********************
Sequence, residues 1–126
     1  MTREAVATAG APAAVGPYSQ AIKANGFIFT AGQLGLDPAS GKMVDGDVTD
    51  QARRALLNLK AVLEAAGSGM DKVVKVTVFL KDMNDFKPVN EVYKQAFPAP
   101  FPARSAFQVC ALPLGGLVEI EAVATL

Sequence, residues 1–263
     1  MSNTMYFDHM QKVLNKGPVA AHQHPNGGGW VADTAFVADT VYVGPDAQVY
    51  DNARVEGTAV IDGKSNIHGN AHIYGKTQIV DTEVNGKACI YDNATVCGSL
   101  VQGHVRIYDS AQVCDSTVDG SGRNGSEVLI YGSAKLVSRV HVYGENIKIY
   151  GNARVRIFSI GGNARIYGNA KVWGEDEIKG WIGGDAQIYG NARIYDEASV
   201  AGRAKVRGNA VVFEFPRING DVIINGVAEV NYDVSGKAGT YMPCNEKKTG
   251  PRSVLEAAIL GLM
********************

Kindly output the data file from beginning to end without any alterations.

Sequence, residues 1–126
     1  MTREAVATAG APAAVGPYSQ AIKANGFIFT AGQLGLDPAS GKMVDGDVTD
    51  QARRALLNLK AVLEAAGSGM DKVVKVTVFL KDMNDFKPVN EVYKQAFPAP
   101  FPARSAFQVC ALPLGGLVEI EAVATL

Sequence, residues 1–263
     1  MSNTMYFDHM QKVLNKGPVA AHQHPNGGGW VADTAFVADT VYVGPDAQVY
    51  DNARVEGTAV IDGKSNIHGN AHIYGKTQIV DTEVNGKACI YDNATVCGSL
   101  VQGHVRIYDS AQVCDSTVDG SGRNGSEVLI YGSAKLVSRV HVYGENIKIY
   151  GNARVRIFSI GGNARIYGNA KVWGEDEIKG WIGGDAQIYG NARIYDEASV
   201  AGRAKVRGNA VVFEFPRING DVIINGVAEV NYDVSGKAGT YMPCNEKKTG
   251  PRSVLEAAIL GLM